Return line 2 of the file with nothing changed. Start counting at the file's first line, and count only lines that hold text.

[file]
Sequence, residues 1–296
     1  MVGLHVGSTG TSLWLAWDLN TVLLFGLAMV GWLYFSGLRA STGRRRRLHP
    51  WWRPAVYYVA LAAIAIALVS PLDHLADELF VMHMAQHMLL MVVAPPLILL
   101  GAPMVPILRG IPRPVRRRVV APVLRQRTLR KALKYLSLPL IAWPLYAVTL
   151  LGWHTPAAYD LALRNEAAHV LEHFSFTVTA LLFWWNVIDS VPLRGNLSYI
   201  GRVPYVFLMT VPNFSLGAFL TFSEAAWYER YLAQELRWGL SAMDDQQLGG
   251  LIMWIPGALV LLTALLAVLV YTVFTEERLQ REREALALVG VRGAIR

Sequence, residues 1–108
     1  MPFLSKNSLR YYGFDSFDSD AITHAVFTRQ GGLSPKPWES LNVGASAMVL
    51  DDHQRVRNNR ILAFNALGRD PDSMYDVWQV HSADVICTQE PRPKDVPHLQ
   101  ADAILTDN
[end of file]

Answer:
     1  MVGLHVGSTG TSLWLAWDLN TVLLFGLAMV GWLYFSGLRA STGRRRRLHP